The art collection housed under the the ornate roof of the Detroit Institute of Arts—think the MFA of the Motor City—includes prized pieces by van Gogh and Matisse. While creditors have long suggested auctioning off those pieces to help rescue the city from bankruptcy, the Detroit auto industry has intervened.
The Detroit Institute of Arts announced Monday that three major automakers have pledged $26 million to preserve its massive art collection. Ford Motor Company and General Motors have both offered $10 million, while Chrysler, the smallest of the three, offered $6 million.
For Chrysler and General Motors, the generous donation may be a way to pay it forward.
Those two companies received massive bailouts from the federal government at the height of the recession. Since then, they have donated millions to various philanthropic causes, which aim to help Detroit emerge unscathed from bankruptcy.
The collection has prompted intense debate over how to wrest the city from bankruptcy. Creditors proposed selling it off to the highest bidder to help pay off the $18 million in liabilities incurred by the city. Opponents of the sale argued that the sale would strip the city of its cultural heritage.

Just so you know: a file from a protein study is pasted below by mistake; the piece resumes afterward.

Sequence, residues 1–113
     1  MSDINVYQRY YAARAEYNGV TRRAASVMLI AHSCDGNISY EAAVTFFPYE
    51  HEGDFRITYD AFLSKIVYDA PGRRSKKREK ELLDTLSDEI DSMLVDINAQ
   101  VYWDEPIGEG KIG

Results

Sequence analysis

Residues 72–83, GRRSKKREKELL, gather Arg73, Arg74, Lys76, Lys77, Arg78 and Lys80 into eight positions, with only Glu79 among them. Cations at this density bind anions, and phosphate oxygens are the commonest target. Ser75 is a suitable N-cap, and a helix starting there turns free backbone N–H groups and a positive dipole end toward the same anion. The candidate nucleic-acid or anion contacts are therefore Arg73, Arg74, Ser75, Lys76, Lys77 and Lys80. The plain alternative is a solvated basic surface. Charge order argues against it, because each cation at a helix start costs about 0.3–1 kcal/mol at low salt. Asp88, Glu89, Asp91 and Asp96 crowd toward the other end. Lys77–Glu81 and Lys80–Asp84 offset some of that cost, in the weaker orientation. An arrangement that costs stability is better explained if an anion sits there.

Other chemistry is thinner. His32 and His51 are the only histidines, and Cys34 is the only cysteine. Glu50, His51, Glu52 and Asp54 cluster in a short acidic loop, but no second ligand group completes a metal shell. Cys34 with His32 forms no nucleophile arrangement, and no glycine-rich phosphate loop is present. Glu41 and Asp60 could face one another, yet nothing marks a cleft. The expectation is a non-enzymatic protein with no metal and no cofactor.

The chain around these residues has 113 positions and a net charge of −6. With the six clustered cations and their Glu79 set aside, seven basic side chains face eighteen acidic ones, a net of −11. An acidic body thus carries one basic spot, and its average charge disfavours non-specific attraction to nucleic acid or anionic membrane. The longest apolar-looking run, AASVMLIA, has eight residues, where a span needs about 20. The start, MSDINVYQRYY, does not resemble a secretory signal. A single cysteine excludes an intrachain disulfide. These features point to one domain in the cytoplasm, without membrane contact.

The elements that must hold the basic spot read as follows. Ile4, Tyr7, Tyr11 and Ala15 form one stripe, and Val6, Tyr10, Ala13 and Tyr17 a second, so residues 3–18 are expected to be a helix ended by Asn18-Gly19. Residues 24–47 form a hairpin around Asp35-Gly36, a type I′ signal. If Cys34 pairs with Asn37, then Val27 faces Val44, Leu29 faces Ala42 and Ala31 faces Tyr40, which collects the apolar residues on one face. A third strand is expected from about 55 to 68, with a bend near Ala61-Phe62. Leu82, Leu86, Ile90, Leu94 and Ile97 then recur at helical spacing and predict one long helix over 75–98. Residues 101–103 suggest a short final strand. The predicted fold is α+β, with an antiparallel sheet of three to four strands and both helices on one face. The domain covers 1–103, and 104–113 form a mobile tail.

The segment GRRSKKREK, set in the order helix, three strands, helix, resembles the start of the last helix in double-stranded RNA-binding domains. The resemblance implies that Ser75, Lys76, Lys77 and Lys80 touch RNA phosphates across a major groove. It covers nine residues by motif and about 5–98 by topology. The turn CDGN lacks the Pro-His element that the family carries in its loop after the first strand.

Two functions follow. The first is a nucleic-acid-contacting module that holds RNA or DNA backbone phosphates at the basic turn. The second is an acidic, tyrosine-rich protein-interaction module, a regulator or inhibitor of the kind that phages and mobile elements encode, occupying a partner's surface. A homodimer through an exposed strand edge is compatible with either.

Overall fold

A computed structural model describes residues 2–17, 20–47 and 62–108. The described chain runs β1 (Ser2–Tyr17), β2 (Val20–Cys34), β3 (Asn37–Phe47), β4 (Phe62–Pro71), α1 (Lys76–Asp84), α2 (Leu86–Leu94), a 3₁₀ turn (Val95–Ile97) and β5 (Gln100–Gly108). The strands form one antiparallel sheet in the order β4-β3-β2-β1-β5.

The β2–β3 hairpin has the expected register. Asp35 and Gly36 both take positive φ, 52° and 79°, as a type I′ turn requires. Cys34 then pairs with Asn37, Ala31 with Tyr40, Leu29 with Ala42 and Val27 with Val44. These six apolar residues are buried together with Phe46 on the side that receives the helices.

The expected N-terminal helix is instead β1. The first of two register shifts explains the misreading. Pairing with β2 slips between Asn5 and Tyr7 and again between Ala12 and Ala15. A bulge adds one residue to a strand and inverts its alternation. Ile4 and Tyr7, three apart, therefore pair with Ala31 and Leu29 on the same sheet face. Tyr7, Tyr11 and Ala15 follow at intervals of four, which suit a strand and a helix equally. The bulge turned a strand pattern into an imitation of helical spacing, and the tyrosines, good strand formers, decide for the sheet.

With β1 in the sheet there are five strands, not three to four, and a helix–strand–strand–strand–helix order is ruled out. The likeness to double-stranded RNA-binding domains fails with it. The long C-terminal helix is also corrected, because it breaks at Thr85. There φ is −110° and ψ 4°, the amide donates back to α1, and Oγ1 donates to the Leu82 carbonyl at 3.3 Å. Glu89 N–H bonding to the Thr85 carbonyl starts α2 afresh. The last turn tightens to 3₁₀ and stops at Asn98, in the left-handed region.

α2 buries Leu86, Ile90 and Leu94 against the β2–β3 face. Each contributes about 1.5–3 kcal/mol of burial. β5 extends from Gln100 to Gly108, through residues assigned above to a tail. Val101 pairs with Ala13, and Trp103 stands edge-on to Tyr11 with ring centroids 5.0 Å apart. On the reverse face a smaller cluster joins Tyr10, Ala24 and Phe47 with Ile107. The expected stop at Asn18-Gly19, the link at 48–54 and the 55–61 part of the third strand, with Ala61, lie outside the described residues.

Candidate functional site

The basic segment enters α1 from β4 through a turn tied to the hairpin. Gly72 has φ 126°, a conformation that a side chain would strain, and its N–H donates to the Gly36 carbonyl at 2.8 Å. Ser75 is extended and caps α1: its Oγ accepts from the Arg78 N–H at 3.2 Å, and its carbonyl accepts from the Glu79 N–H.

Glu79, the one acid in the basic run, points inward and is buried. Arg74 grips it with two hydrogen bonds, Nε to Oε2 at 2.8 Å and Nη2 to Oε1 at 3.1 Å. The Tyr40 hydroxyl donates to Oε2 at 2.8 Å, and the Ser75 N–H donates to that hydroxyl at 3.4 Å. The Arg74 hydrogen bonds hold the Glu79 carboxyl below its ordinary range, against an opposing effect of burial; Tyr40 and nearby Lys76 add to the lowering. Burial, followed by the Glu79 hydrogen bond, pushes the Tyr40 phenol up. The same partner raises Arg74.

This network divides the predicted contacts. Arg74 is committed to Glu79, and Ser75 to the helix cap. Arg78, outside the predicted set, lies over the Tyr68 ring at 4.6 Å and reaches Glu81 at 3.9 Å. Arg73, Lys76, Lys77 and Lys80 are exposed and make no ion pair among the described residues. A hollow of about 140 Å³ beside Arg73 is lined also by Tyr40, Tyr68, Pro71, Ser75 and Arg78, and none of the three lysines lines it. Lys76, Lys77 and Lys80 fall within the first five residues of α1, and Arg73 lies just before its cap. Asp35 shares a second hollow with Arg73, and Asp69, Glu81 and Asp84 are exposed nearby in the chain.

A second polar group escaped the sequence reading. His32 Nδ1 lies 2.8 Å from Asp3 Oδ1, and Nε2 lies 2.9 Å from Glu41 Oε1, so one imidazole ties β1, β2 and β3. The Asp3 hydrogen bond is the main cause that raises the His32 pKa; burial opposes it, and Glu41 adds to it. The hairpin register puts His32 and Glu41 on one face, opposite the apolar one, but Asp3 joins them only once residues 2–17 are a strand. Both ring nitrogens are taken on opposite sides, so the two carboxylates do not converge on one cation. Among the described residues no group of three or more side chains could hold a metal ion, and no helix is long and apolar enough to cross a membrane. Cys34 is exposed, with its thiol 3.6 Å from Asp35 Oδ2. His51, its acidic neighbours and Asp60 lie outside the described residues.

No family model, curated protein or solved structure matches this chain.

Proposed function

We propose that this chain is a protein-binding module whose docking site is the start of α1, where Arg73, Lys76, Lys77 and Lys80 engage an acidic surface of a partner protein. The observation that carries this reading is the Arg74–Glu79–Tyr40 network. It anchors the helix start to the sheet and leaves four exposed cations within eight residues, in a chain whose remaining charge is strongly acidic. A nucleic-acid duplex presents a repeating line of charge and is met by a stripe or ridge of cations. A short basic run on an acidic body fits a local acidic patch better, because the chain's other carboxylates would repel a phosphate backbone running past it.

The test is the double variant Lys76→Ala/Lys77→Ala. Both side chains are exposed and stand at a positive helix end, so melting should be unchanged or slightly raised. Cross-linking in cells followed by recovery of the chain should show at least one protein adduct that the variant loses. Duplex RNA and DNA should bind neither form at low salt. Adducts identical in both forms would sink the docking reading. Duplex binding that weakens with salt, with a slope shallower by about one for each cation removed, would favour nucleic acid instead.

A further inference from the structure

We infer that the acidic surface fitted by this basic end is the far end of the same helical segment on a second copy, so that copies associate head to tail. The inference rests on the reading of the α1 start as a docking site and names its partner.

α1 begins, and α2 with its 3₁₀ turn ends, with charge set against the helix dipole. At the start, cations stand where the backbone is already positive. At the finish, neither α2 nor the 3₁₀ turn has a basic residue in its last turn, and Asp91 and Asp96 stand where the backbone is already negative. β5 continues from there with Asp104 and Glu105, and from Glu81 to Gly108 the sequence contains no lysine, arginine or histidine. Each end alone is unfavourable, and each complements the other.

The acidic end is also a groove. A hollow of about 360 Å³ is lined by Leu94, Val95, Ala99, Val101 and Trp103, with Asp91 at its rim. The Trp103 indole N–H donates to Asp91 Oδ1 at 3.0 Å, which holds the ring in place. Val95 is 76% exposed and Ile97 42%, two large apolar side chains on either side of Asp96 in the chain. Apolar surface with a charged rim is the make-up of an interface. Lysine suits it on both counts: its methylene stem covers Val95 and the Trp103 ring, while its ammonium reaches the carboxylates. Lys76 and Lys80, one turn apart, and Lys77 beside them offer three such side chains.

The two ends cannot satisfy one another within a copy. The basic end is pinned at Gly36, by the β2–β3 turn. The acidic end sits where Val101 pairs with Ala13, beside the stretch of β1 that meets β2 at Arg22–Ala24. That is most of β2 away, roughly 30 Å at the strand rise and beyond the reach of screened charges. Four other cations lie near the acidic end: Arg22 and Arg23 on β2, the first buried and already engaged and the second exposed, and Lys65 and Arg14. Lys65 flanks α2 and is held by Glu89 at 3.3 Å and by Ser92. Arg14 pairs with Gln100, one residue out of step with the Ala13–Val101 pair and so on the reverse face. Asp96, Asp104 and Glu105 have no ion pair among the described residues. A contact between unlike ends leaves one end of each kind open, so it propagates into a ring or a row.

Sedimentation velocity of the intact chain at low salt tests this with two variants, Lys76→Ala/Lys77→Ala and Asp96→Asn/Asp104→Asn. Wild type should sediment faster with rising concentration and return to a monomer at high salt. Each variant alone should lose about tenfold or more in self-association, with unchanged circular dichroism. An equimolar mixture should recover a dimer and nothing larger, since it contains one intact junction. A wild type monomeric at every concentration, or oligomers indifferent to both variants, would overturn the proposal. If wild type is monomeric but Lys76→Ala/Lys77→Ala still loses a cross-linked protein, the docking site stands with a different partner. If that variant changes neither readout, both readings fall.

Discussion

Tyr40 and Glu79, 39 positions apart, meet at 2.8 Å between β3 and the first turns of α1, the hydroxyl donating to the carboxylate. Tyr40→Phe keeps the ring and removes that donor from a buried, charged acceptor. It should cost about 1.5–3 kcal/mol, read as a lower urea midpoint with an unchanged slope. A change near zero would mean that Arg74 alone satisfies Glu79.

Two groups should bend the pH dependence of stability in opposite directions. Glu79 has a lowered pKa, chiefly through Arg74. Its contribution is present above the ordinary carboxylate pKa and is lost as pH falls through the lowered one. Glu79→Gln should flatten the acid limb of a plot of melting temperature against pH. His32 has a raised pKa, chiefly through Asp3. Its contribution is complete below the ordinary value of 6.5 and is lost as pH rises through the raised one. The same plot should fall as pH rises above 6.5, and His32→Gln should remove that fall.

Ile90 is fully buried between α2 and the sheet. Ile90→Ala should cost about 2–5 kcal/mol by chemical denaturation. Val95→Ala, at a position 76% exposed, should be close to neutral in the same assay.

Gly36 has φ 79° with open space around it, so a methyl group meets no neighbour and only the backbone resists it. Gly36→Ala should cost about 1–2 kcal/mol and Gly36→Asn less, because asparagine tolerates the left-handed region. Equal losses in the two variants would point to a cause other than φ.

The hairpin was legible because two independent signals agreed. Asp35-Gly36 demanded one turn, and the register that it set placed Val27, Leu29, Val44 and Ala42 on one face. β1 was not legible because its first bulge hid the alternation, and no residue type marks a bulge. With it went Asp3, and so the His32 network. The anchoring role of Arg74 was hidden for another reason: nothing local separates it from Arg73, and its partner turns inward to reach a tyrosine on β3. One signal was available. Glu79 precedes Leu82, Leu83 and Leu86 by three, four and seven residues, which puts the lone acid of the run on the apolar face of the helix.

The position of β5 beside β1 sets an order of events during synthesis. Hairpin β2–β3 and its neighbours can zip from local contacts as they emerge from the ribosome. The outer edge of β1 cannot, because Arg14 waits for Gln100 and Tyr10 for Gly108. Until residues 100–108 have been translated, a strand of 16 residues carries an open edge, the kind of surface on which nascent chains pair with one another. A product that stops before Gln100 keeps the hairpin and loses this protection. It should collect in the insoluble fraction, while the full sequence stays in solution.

The collection now houses masterpieces by Rembrandt, van Gogh, Bruegel and, Michelangelo. Many of those pieces were obtained by wealthy patrons of the arts during the Gilded Age, when the city was booming due to an escalation in manufacturing.
The Wedding Dance, for example, among the most expensive pieces owned by the Institute, is valued at up to 200 million—a price tag attached to the painting during an appraisal conducted last December. According to the New York Times, it is one of only five Bruegels now housed in American museums.
Many have argued that those paintings offer an untapped resource that Detroit could use to rescue itself from bankruptcy.
But opponents of the sale hope that the recent donation will help avoid sending the masterpieces to the chopping block.
Museum and city officials struck a compromise, nicknamed the “Grand Bargain,” earlier this year, agreeing to stop the sale if the Institute could raise $100 million.
That $100 million will go to help the retired city employees whose pensions were cut during the bankruptcy crisis. It joins $200 million allocated by the state and $370 million from private philanthropists, according to the New York Times.